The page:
Southwest has long been regarded as a benchmark in its industry for operational excellence. Southwest Airlines is usually a fine example of a company that will is usually committed to its core competencies – efficient operations to drive its low cost structure, outstanding delivery of customer service as well as innovative HR management practices. We wish This kind of paper provided a not bad insight into Southwest operations, as part of its overall strategy, to achieve success as well as gain competitive advantage.
1. [http://www.southwest.com] (Southwest airlines official web site)
2. “Southwest keeps that will simple” – Air Transport World, April 2005, Pg 36
3. “Around the entire world on $48 (or So): How High Can Discount Airlines Fly?“ Strategy Management – Knowledge@ Wharton Newsletter Oct 5, 2005
4. TechWeb – [http://www.techweb.com/wire/ebiz/173601227]
5. “Southwest’s Strategy for Success: Consolidate!” – Oracle Magazine (Sept/Oct 2004 edition) http://www.oracle.com/technology/oramag/oracle/04-sep/o54swest.html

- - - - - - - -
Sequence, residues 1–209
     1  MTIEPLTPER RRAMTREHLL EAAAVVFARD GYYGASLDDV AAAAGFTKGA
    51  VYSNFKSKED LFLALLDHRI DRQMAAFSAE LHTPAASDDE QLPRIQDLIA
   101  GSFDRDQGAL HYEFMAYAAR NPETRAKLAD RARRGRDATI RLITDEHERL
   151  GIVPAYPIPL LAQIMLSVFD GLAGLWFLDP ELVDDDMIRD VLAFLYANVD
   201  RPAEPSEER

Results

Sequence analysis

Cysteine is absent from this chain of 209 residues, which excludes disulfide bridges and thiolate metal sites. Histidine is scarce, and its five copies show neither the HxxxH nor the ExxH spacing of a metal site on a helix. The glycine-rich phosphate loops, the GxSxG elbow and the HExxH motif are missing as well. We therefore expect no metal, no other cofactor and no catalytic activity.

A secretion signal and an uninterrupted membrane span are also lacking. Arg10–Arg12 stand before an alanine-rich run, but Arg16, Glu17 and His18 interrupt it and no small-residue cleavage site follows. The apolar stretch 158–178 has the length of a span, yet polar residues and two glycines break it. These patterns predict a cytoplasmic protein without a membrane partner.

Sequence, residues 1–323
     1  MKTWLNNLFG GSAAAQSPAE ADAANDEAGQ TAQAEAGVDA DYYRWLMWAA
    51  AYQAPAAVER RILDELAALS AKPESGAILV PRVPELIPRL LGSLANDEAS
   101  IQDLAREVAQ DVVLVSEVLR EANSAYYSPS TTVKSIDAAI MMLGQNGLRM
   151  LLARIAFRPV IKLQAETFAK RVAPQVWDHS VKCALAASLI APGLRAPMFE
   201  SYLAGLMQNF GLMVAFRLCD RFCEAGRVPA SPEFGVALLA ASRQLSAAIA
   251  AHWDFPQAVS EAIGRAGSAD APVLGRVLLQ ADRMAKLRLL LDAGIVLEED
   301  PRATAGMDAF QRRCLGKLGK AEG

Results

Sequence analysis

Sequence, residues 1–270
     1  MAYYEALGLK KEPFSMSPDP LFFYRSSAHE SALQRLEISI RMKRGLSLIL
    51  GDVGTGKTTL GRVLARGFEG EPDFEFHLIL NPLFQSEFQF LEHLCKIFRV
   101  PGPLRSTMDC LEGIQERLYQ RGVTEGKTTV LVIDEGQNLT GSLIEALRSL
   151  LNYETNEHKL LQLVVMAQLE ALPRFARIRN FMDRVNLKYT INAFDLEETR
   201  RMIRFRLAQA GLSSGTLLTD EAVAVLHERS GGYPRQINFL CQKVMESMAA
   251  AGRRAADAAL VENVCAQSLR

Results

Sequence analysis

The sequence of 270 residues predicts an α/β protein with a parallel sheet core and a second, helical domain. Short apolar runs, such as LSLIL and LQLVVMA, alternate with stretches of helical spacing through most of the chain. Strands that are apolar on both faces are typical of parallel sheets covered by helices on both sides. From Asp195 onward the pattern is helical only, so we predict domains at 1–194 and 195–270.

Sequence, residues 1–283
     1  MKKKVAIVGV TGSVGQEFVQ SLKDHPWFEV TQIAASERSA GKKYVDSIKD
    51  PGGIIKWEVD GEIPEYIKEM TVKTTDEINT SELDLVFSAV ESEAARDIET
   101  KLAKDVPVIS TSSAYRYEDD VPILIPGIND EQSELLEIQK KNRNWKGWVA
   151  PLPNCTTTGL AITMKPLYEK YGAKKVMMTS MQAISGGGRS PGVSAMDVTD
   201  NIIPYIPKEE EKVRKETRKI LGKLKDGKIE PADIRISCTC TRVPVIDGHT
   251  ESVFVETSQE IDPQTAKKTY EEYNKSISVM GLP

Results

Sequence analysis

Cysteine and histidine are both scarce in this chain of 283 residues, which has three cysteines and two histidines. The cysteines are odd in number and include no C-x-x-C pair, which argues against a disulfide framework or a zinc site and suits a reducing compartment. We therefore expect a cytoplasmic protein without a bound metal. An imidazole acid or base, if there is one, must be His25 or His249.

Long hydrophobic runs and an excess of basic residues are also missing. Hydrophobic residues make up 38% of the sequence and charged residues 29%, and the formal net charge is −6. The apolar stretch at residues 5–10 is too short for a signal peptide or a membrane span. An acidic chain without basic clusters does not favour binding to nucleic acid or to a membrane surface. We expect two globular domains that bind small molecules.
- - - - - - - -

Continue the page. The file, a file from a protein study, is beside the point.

6. “Southwest Airlines: High Tech, Low Costs” – Eweek.com, April 2005
7. “Jet Fuel Hedging Strategies: Options Available for Airlines as well as a Survey of Industry Practices” – Kellogg School of Management Research Paper, Spring 2004
8. Winning Behavior: What the Smartest, Most Successful Companies Do Differently, Terry R. Bacon as well as David G. Pugh, 2003
9. Time Magazine, Oct 28th 2002 issue, Vol. 0 Issue 18, p. 45
10. “Wings Of Change”,Information Week, March 28, 2005,
11. Labor Contract Negotiations within the Airline Industry, Monthly Labor Review, July 2003, page 24